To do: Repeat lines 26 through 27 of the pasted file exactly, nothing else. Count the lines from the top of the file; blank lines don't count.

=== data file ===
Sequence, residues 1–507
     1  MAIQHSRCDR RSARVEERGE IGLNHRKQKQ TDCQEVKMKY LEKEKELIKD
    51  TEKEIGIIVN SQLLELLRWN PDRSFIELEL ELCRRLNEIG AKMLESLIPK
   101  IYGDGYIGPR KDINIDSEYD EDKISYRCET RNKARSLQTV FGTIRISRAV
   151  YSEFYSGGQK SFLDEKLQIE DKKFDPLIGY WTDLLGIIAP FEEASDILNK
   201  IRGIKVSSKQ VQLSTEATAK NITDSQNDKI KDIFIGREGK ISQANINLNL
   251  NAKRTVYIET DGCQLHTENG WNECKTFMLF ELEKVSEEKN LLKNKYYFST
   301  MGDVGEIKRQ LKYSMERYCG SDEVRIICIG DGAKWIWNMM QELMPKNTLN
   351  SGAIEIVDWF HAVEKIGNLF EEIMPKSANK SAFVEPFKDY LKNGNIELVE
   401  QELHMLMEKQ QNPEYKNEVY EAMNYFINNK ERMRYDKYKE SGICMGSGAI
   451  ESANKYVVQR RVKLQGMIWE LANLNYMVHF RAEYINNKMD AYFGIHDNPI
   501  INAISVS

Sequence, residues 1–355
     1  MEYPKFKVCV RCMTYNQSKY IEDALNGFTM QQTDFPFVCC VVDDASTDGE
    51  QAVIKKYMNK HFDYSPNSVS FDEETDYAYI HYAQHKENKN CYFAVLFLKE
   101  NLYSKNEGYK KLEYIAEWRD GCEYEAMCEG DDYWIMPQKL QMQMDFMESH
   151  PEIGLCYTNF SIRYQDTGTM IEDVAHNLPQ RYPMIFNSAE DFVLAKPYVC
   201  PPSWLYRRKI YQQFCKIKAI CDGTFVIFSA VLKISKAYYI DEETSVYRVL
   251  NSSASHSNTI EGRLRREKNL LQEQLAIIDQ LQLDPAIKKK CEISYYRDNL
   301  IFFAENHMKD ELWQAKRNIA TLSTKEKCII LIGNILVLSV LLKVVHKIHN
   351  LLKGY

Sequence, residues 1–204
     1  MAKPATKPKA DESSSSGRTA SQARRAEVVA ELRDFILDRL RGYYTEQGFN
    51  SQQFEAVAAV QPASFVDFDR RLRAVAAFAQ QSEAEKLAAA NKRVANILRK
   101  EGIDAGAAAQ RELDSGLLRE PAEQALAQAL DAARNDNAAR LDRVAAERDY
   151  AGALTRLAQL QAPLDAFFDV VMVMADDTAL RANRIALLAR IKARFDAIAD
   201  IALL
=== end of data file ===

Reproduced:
   151  AGALTRLAQL QAPLDAFFDV VMVMADDTAL RANRIALLAR IKARFDAIAD
   201  IALL